COVID-19 and ageism are just two of the issues confronting older Australians seeking work today. Being caught in a cycle of unemployment or uncertainty can lead to increased stress and anxiety. Here's how you can stay ahead of the game.
We spend a large chunk of our lives at work. So, it’s easy to equate employment status with self-worth.
But unless you’re Mark Zuckerberg, Elon Musk or The Milky Bar Kid, your work forms only a part of who you are as a person.
If you find yourself suddenly out of a job, or in need of a change, it’s important to stay positive during your employment search.
Sure, sentiment doesn’t pay the bills – but being positive never hurt anyone either. Walk into your next interview with confidence and an appetite to get working.
“Attitude is key,” says National Seniors Human Resources Manager, Melissa Skyum.
“In my experience, older job candidates have great energy and they’re not afraid to roll their sleeves up. They possess a quiet confidence that comes from years of life experience.”
Back yourself and keep the faith.
We like to think our experience speaks for itself but selling yourself is definitely an art form – and it starts with your CV.
Be clear, concise and only include relevant information. Start with a paragraph that introduces yourself and highlights what you would bring to an organisation. Use dot points where necessary, and formatting that is easy to read. You want to draw the recruiter’s eye to key information. And always list your most recent position first.
But what if you’ve been at the same job forever?
“Unfortunately, some recruiters are hesitant to put forward a candidate with an extensive history at the one workplace,” says Ms Skyum.
“But there are ways you can sell yourself to prospective employers.”
Even if you only have one or two employers to list on your CV, Ms Skyum says your resume needs to show progression and a diverse range of skills.
“You could have been at the one job for a long time and had many roles or performed several duties. You need to show this to employers. It will showcase your strengths and ease any concerns they might have about your ability to adapt to a new workplace.”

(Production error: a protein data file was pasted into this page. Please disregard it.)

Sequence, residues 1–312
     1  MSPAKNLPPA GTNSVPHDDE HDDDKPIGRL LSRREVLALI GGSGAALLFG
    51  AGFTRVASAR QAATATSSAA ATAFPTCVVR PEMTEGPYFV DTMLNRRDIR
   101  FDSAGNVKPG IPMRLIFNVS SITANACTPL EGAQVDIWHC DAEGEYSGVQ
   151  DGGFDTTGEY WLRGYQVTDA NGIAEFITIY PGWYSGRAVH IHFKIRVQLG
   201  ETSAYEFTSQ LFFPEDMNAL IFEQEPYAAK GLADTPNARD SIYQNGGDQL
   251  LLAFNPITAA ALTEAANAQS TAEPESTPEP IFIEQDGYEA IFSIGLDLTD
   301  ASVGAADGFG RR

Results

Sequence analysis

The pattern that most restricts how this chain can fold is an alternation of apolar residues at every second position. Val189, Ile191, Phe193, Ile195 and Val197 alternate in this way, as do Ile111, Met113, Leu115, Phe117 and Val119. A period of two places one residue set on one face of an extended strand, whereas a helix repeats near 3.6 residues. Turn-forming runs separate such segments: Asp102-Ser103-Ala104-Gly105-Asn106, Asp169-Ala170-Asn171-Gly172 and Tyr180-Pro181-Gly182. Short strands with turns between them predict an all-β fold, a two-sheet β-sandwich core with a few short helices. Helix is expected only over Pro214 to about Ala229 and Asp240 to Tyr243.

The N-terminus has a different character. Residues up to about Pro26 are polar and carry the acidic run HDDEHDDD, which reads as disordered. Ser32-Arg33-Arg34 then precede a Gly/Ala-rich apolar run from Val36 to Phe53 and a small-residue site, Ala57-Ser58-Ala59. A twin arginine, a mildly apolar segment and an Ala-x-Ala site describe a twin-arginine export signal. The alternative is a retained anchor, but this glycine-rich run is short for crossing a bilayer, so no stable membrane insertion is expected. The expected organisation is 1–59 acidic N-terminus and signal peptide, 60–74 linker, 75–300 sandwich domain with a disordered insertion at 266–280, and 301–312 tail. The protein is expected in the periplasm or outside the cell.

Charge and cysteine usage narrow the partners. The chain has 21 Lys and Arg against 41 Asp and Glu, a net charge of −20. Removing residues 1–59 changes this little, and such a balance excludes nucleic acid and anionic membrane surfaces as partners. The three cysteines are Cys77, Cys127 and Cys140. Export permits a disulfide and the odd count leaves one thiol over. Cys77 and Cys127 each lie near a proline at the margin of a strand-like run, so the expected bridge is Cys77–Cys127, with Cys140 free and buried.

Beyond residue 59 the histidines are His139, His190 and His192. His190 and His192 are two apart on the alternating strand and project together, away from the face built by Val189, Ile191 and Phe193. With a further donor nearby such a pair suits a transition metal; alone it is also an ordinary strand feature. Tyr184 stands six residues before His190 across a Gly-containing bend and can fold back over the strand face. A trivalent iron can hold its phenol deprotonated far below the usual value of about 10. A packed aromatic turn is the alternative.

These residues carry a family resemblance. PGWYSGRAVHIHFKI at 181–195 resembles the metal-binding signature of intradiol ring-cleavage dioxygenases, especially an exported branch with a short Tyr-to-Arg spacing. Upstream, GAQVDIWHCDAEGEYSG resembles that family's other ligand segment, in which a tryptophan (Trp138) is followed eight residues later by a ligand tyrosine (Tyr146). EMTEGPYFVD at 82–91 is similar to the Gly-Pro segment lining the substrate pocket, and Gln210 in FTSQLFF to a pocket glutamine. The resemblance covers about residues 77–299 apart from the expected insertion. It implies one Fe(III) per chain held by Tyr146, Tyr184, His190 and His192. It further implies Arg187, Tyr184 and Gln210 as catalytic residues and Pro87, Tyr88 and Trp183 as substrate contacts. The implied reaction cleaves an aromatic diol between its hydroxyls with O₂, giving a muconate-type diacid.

Outside work, you might like to highlight your experience fulfilling different roles in clubs, sporting teams and volunteer organisations. It will add to your appeal as a prospective employee.
If you don’t have any hobbies, now might be a good time to start. Staying mentally and physically active can boost your self-esteem and overall health. It can also help you deal with stress and anxiety.
It’s never too late to learn new skills, whether it be at work (by volunteering for new tasks or participating in a work-sponsored program) or during your spare time. There are a number of free courses available, including the government-funded Be Connected digital program which you can read about here.
The stereotype that older Australians are being left behind by technology is harmful and incorrect, as our 2019 survey revealed.
But staying on top of digital trends is important, and we all need to make sure we keep our skills up-to-date. Along with confidence in technology, online recruitment agency Seek has identified a number of skills deemed important to recruiters.
If you have recently become unemployed, or are at risk of redundancy, you may even be eligible for the Federal Government’s Skills Checkpoint for Older Workers Program.
National Seniors Australia would like to hear from you to hear about your experiences looking for work, to help inform a research project on this topic.